3. Was I appreciating little things? A random song on the radio, a flower that just bloomed.
4. Am I proud of other people’s success? Was I reading a tinge of jealousy in myself?
5. Do I live in the present or keep dwelling on the past?
6. Am I in a healthy relationship with myself and everyone around me? Do I forgive easily or do I cling onto small resentments?
7. Do I calm down myself if I am in a stressful situation? How often am I aware of my first reaction to any given situation?
8. What has the ability to kill my joy? What spoils my mood? What are the irritants?
9. Do I talk to people easily? Am I open-minded to a new point of view?
10. Have I accomplished what I set out for? The setting of goals—short-term and long-term—helped me analyze my own commitment levels and the efforts I was putting into achieving them.
Answering these questions gave me the much-required reality check of what I was lacking and where. It gave an insight into my shortcomings and the issues I needed to work upon. I realized that I had shoved some of the negative experiences under the carpet without properly addressing them. They were playing havoc with my system internally.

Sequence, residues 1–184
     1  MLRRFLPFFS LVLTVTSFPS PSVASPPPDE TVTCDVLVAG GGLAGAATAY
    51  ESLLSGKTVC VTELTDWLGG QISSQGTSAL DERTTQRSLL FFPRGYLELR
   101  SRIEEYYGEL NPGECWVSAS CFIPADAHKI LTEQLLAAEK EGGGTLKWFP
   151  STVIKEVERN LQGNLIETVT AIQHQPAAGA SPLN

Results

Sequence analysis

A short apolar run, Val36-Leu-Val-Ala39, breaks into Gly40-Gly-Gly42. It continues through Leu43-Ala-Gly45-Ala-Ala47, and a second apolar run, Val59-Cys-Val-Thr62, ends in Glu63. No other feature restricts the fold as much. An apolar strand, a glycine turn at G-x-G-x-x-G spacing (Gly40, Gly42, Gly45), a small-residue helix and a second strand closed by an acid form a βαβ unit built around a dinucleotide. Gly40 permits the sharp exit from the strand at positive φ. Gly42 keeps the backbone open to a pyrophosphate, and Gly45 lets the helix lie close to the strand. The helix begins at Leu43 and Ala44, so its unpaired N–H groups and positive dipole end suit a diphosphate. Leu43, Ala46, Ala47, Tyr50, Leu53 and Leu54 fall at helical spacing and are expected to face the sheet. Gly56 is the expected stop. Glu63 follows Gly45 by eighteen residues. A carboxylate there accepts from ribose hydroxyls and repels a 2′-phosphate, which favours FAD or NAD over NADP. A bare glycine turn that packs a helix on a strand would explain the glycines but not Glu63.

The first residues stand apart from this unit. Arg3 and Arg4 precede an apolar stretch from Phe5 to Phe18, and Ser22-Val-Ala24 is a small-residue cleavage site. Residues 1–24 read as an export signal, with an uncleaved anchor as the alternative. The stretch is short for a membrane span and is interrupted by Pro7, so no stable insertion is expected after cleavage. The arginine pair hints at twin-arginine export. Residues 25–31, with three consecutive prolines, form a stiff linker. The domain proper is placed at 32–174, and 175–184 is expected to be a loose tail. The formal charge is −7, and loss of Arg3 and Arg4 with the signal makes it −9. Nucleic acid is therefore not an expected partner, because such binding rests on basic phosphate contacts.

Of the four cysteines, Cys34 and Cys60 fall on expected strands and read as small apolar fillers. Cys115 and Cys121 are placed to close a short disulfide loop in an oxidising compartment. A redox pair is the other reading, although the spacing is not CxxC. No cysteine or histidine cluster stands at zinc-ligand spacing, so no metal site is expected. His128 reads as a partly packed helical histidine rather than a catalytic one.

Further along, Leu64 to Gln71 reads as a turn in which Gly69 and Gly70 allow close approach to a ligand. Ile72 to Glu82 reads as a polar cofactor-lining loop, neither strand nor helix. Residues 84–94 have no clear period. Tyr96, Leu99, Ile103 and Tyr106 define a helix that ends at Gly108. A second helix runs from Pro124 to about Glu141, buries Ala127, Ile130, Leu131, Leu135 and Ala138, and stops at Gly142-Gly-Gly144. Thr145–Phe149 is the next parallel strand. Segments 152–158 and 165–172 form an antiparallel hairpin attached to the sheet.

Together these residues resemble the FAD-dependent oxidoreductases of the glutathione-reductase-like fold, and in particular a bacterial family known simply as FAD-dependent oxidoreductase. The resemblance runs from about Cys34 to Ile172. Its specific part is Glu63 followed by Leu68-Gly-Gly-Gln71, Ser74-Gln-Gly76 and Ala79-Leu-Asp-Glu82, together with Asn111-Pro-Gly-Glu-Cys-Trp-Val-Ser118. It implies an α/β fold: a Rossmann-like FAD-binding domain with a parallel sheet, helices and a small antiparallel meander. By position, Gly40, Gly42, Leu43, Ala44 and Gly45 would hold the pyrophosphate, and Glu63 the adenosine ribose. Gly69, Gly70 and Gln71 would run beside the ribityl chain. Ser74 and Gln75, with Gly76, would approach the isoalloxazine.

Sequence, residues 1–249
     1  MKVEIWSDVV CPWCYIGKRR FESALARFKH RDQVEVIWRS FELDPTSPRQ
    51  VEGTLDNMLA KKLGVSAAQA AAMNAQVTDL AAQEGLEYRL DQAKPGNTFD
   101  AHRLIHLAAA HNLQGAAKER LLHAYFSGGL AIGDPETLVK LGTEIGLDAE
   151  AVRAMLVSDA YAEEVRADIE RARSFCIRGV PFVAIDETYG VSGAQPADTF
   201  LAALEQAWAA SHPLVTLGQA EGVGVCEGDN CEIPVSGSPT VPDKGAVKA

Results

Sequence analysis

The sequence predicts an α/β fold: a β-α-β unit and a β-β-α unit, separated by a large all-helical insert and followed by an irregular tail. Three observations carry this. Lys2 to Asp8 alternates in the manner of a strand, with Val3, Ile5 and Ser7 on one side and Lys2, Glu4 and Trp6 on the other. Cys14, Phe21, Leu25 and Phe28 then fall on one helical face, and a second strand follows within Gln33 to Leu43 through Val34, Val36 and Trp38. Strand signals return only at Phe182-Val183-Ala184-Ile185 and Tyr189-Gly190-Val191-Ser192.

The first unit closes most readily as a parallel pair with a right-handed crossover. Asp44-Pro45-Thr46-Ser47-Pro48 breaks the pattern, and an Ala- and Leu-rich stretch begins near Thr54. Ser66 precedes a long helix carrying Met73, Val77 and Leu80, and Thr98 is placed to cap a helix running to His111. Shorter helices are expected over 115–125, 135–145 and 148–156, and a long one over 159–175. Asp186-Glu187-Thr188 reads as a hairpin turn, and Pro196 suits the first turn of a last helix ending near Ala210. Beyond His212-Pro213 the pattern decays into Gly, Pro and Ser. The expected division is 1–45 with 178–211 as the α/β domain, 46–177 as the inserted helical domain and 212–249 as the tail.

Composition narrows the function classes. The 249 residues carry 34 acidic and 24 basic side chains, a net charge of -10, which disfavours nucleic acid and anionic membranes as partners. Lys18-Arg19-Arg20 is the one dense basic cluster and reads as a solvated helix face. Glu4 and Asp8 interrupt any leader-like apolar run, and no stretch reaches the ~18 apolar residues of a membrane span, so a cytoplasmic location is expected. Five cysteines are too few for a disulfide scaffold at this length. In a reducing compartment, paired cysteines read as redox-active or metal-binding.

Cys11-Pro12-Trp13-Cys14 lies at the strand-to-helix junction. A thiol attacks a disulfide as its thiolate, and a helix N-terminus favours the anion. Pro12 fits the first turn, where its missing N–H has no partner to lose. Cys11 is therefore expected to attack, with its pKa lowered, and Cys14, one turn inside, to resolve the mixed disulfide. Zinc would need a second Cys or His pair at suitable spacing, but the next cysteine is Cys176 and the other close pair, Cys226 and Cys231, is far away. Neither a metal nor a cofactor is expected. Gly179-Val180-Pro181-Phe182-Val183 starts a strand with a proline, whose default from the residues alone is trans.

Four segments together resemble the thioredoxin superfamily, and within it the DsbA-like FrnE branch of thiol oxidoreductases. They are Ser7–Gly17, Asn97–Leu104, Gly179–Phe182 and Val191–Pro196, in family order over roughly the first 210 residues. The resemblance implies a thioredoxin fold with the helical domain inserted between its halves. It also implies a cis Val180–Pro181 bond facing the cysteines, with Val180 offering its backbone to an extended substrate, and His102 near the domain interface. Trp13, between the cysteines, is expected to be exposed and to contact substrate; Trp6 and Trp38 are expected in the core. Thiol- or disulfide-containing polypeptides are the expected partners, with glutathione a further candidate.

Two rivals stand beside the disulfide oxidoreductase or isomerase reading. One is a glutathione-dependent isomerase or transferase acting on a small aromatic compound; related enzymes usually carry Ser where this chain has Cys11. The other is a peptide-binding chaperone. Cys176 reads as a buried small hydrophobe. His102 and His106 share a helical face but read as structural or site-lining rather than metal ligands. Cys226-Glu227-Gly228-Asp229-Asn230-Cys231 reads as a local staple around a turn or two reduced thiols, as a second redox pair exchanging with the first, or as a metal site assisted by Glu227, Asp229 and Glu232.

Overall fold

When one is on the path of self-discovery, it is easier to get delusional about our own selves or create illusions that satisfy our own egos. Hence, checks and balances have to be placed in the system, which do not let us travel on the wrong path. It stops us from running on autopilot and brings forth the subconscious to the conscious.
The field of positive psychology reinforces that there are both light and dark sides in everyone. We have to learn to focus on positive sentiments, resilience, relationships, and achievements.
But that does not in any sense of the word mean that we ignore the negative emotions or issues. We acknowledge them, witness them, work on them to address our issues but do not give in to them. We do not let them dictate our actions and our intentions. We make conscious choices to move past them to establish a new behavior pattern that is healing as well as productive for us.